* Todd Holloway (todd / duckland.org) wrote:

> Larry Wall is redesigning regular expressions, in his latest
> "Apocalypse 5". http://www.perl.com/pub/a/2002/06/04/apo5.html

Read it, came out with a headache :)

Start at page 6 if you want to see his proposed changes.

> Will Ruby be taking a similar change? I'm no expert at regexes, but if
> it can make then easier to read/write, sounds like a good idea.

Unfortunately, Larry seems to be putting quite a bit of effort into
embedding Perl directly into the regexp system with expressions like:

    /(\d+) { $1 < 582 or fail }/

    /(.*) { print .pos }/

    / (\S*) { let $x = .pos } \s* foo /

    / @x := [ (\S+) (\s*) ]* /

    / <@rule_from_array> <%rule_from_hash> <&rule_from_sub()> /

These sorts of expressions litter A5, and I think will make other
languages adopting them quite painful.

I'm not conviced by his other changes; pushing most common things into
the shortest possible set of characters is a very Perlish desire, and in
making such changes everyone's going to have to re-learn their syntax
and how they write regexp while keeping the old stuff around for pretty
much every other tool in existance.

I can see lots of people looking at the new-style Perl expressions and
wasting time thinking "Uh?" before they remember [..] is not a character
class anymore, and that . really is matching everything, and that
whitespace needs to be escaped, and...

> But is it worth breaking quite a bit of previously written code?

No.  Larry wants to do this now because he's breaking everything anyway;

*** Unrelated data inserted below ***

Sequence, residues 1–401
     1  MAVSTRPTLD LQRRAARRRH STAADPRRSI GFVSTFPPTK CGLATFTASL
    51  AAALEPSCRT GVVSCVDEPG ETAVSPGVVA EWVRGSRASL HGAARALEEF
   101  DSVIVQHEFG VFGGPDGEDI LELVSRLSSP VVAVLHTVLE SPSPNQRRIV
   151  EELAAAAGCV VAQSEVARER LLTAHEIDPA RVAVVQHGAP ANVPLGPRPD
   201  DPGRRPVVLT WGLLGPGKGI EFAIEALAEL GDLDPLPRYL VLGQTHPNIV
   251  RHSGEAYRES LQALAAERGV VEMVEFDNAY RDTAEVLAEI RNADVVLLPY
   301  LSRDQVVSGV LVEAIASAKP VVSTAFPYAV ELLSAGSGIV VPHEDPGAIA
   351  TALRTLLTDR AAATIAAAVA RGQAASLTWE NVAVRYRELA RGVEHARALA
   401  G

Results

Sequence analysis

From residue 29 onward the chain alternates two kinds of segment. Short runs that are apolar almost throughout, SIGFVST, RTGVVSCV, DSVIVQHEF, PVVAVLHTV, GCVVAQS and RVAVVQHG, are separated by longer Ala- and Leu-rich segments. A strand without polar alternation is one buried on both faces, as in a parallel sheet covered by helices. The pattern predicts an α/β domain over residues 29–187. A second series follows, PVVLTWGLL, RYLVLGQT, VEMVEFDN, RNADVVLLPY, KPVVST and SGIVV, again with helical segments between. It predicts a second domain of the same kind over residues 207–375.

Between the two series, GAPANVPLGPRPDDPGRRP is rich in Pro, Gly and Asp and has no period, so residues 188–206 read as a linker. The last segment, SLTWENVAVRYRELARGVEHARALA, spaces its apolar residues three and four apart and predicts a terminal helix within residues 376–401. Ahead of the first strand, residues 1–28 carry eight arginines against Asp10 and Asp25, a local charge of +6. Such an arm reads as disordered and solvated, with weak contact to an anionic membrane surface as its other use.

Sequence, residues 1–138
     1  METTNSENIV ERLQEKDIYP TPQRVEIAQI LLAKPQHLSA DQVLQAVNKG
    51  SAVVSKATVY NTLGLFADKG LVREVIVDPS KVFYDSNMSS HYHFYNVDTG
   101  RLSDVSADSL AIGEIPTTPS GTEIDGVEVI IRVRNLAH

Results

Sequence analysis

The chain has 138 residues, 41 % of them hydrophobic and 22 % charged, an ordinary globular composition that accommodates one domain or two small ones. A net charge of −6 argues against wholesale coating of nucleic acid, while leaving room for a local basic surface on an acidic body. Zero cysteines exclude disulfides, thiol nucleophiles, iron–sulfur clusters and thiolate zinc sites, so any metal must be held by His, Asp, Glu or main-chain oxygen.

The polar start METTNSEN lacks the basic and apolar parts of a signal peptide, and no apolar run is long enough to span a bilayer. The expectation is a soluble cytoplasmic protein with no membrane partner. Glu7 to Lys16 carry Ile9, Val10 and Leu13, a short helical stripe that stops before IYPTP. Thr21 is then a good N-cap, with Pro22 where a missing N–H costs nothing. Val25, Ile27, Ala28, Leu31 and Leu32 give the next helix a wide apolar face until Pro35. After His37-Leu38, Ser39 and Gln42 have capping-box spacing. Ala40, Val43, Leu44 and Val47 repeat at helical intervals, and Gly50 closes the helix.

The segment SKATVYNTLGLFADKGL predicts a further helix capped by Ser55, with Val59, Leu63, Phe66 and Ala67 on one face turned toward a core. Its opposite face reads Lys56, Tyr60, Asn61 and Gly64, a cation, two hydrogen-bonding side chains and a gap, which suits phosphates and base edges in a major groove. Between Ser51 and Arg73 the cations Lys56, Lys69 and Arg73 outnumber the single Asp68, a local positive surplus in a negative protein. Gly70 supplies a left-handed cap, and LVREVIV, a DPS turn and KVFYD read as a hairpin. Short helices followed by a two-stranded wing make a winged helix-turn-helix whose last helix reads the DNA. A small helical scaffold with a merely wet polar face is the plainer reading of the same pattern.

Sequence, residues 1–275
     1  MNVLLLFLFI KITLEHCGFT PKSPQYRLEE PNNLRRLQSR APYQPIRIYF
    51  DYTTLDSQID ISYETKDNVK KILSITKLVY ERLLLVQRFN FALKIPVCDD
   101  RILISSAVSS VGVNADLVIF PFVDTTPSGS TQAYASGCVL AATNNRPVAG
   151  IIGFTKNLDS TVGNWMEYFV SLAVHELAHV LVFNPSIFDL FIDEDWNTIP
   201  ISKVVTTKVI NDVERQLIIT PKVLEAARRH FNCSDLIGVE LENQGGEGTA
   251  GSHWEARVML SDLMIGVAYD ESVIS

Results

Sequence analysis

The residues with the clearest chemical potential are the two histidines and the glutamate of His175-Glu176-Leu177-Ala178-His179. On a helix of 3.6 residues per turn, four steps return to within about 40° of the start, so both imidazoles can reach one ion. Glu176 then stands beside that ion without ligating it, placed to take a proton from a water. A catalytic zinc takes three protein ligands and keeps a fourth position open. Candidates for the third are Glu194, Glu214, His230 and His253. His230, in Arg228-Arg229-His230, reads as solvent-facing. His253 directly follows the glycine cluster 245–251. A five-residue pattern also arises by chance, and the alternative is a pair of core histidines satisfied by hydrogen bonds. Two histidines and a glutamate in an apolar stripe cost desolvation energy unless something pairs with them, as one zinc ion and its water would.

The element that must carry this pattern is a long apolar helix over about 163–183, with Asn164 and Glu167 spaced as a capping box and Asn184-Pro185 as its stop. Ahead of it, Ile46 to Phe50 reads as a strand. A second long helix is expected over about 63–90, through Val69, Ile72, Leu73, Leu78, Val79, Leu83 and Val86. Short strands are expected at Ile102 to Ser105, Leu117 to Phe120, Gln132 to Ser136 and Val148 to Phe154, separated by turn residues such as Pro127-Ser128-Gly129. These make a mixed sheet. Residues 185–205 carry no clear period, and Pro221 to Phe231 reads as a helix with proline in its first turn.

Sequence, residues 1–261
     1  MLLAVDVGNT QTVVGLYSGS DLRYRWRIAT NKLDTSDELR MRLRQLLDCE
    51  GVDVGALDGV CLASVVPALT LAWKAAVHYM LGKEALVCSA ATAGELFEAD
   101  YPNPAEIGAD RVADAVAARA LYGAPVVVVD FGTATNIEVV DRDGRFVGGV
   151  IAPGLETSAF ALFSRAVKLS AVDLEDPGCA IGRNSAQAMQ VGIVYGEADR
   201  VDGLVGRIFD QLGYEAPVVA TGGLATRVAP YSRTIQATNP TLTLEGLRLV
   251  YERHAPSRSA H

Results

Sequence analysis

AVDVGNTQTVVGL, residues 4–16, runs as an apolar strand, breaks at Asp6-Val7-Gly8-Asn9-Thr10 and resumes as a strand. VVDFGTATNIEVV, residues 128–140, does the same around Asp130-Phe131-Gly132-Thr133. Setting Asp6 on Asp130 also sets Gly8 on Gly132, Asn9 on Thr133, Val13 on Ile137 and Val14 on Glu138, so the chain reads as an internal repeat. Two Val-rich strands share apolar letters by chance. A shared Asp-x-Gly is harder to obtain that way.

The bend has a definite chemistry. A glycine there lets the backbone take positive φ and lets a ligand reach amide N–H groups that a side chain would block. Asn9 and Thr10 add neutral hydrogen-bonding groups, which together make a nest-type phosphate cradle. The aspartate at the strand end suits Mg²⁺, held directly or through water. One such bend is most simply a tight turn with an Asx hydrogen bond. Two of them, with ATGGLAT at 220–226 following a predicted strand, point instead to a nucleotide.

unless Rite contains a similar amount of breakage I wouldn't like to see
our regexp engine copy Perl 6.  Even then, I'm not convinced it's a good
idea to blindly follow them.

Pages 2-5 do contain some useful discussion regarding the shortcomings
of current regexp stuff, and I'd be happy to be able to c&p regexps from
Perl 6 that don't embed Perl (as I'm sure most won't, despite what Larry
seems to want), but I'd want to do it using UberRegexp.new or some
alternative foo// syntax or something.

Ideally I'd like to see something like this come from many different
places; if Ruby, Python, Java, etc can come up with a mutually inclusive
matching/parsing system like Perl 6 without falling into the "Gee Wizz,
I can put Perl in this and make it even more unreadable!" trap we're
much more likely to get somewhere productive.

> Ruby may have a big advantage in that it's code base is quite a bit
> smaller.

Well, there's no code to worry about yet; Perl 6 is, um, ages away, so
there's no reason to panic.  We may even find Perl 6 flops as it's users
discover it's easier just to switch to Python/Ruby/Java/Cobol/Assm than
learn all the stuff that's changing (*grin*).

-- 
Thomas 'Freaky' Hurst  -  freaky / aagh.net  -  http://www.aagh.net/
-
Critic, n.:
	A person who boasts himself hard to please because nobody tries
to please him.
		-- Ambrose Bierce, "The Devil's Dictionary"